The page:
The Vatican’s Academy of Bioethics and the World Medical Association called on Friday to do everything possible to combat vaccine hesitation and correct “myths and misinformation” that are slowing down the fight against the coronavirus.
In a joint statement, the groups said some vaccine reluctance in poor countries is rooted in historical disparities and suspicions of Western pharmaceutical companies. But he added that “a more harmful form” of hesitation is being driven by fake news, myths and propaganda about vaccine safety, involving religious groups and some medical communities.
They demanded that “all concerned stakeholders end all efforts to counter vaccine hesitation by sending a clear message about the safety and necessity of vaccines and counteracting vaccine myths and propaganda.”
The statement also called for repeated calls from the Vatican and the medical establishment for vaccine equity, to ensure that the poorest countries have the same access to shots as the rich.
It was released after a day-long webinar on vaccines sponsored by the Vatican’s Pontifical Academy for Life, the France-based World Medical Association, an international organization grouping national physicians’ associations and individual doctors, and the German Medical Association.
At a news conference on Friday, representatives of the groups strongly rejected claims and questions about vaccine safety and ethics from journalists representing conservative and right-wing Catholic media organizations, who complained that vaccine skeptics were being shunned by speakers. was not included.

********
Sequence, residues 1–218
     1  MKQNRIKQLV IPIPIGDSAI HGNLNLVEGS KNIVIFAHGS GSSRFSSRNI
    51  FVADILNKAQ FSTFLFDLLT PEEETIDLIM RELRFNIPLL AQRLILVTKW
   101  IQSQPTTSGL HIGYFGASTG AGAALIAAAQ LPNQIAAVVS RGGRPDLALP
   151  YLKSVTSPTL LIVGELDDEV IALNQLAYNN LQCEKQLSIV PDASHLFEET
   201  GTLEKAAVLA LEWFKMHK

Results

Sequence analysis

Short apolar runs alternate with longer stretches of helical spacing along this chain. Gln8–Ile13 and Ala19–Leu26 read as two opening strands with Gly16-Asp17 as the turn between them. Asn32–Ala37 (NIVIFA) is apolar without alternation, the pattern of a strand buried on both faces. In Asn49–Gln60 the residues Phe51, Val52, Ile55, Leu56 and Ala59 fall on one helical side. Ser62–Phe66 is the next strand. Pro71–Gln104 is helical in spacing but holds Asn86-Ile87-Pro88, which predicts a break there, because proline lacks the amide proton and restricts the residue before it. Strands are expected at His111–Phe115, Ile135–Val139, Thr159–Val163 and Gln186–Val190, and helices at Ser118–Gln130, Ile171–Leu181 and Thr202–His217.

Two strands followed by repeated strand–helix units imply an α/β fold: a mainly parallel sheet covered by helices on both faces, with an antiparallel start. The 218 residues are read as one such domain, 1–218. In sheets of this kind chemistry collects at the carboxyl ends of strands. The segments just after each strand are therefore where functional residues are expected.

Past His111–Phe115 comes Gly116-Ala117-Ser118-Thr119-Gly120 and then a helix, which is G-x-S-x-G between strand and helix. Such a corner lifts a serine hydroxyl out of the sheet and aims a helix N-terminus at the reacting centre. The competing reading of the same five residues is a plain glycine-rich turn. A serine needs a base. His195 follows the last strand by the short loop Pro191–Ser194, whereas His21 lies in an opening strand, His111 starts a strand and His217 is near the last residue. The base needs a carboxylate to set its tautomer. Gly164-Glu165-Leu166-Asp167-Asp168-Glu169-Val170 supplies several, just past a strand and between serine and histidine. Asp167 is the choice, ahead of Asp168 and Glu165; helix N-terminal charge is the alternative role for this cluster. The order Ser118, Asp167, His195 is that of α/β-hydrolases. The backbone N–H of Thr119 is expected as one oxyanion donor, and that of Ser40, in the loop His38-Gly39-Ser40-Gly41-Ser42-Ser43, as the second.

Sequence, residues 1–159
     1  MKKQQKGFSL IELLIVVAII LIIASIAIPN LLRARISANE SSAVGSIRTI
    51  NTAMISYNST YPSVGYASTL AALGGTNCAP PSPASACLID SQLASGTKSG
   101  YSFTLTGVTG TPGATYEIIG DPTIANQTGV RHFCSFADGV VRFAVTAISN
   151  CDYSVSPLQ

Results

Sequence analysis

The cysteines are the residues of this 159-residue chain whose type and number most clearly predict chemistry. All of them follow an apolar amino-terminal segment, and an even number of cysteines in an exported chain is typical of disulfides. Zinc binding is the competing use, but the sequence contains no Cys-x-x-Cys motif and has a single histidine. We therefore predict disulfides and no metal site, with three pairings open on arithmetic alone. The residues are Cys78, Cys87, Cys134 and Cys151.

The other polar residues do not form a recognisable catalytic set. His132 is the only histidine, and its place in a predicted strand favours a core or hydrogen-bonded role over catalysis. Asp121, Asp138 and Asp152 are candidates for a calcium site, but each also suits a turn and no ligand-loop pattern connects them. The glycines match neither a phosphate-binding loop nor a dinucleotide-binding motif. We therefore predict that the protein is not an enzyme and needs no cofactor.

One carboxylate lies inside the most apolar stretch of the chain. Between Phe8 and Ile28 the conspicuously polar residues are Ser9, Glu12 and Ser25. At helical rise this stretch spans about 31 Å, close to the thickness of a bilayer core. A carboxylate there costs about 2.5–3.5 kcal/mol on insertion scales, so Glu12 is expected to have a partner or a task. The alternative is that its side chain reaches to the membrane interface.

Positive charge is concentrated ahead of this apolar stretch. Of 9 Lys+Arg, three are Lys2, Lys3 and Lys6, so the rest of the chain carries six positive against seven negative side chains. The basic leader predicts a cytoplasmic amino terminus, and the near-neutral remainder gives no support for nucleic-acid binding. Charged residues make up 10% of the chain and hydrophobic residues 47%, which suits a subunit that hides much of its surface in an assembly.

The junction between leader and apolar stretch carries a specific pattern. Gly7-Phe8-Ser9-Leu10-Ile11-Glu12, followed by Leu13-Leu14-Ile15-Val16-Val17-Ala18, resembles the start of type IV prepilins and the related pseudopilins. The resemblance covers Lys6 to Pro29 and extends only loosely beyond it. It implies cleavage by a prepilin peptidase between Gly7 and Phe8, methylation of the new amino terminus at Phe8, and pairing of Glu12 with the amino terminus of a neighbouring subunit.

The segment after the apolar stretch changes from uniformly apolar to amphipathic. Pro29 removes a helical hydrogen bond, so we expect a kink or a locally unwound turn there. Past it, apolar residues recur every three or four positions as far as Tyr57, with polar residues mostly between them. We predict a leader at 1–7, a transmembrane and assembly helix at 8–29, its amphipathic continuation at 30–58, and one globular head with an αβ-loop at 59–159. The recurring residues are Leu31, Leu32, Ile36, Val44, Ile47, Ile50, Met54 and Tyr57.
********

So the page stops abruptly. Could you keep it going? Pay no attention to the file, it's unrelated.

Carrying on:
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“We are physicians. We represent physicians. And we are bound by science and evidence-based medicine,” said Dr. Ramin Persa-Parsi, head of international affairs at the German Medical Association.
Archbishop Vincenzo Paglia, for his part, noted that both his Academy of Bioethics and the Vatican’s Doctrine Office have declared COVID-19 vaccines safe, effective and ethical. Some Catholics, including some Orthodox American bishops, have claimed vaccines based on research that the use of cells obtained from aborted fetuses was immoral.
But the Congress for Doctrine of Faith said in December that it was “ethically acceptable” to take vaccines using cell lines from aborted embryos when others are not available. The Pontifical Academy for Life has said there was a “moral responsibility” for vaccination, though no obligation, and Pope Francis has condemned the “suicidal prohibitionism” of those who refuse to get COVID-19 shots.